Your Rights

Cartoon girl with pigtails

If you are going to a Children’s Hearing, do you know you have some really important rights?


You have the right to:

  • To give your views to the Panel Members – and have them taken into account. 
  • To provide information that you want the Hearing to consider.
  • If you are able to understand it, you have the right to be given all the information that the Hearing has. 
  • You can bring someone with you to help you discuss things in your Hearing. This can be anyone you choose – for example, a friend, relative, or any trusted person who you feel will support you. 
  • You can bring a lawyer (solicitor) as well if you wish. 
  • To have the number of people attending the Hearing (at the same time) to be kept to as few as possible.   
  • To appeal against the decision made by the Hearing within 21 days from the date of the Hearing.   
  • To request another Hearing which can take place 3 months after your last Hearing (if your Hearing made or kept a Compulsory Supervision Order in place).

Want more information about your rights? 

  • You can  speak to your Children’s Reporter. Their contact details will be on the letter sent to you about your Hearing.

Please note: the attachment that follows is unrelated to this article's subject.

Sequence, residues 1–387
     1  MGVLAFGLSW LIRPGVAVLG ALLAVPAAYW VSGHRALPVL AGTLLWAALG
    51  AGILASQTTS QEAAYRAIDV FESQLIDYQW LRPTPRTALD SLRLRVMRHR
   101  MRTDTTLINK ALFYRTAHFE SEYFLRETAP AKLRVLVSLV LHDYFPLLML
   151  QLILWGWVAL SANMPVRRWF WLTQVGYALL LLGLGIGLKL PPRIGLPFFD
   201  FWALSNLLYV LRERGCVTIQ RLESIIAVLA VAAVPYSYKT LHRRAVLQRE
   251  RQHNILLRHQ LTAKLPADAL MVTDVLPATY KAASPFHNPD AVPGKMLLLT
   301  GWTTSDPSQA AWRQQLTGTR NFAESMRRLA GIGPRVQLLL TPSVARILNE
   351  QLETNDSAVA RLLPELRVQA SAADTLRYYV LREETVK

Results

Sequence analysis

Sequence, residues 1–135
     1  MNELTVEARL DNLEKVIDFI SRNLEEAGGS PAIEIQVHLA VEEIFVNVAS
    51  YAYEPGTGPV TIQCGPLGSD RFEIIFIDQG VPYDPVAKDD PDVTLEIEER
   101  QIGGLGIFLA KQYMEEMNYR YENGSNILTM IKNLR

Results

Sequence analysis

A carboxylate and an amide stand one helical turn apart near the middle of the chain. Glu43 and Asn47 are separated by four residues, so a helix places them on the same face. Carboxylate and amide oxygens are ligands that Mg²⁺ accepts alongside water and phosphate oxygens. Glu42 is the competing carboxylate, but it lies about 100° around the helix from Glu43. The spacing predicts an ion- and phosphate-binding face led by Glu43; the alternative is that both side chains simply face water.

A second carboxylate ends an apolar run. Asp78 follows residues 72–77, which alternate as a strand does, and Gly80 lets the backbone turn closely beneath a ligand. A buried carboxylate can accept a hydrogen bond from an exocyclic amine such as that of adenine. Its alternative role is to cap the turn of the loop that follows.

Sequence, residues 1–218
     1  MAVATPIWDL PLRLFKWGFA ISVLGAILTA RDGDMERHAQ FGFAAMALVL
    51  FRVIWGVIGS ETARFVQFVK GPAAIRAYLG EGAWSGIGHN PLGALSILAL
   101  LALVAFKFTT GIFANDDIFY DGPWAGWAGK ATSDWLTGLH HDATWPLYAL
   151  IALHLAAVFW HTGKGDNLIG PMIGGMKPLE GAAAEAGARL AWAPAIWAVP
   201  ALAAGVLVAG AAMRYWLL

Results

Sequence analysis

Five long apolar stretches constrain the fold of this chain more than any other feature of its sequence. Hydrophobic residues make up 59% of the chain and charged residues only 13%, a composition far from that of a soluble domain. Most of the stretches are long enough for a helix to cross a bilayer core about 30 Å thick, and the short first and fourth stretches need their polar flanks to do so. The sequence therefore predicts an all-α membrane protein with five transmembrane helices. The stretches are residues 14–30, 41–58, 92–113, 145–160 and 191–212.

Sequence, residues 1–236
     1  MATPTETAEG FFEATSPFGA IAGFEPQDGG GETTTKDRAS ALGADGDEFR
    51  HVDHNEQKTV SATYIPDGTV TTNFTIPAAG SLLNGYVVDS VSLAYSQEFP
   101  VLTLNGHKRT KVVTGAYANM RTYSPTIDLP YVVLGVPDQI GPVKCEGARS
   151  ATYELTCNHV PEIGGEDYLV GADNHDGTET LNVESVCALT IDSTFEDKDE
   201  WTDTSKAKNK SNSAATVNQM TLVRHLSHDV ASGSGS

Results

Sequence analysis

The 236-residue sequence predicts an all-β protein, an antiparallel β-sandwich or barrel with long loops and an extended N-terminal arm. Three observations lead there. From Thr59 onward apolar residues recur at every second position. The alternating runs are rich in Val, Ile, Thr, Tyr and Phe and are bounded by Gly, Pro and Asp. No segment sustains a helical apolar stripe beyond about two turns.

• You can also speak to a lawyer (also known as a solicitor) who may be able to help you. Most children and young people don’t have to pay for this.
  • You can contact the Scottish Legal Aid Board on 0131 226 7061 to get the name of a lawyer in your area or visit www.slab.org.uk.
  • You can speak to a Children’s Rights Officer. Your local Social Work Department should be able to help you with this.

You can read our ‘Your Rights‘ leaflet which explains children and young people’s rights in a Hearing, where to get more information and how to complain.

The Scottish Child Law Centre provides free legal advice to children and young people. You can contact the under 21’s freephone number on 0800 328 8970, email enquiries@sclc.org.uk or visit their website at www.sclc.org.uk.


And remember…

Your rights are protected by law, which means no one can take your rights away from you.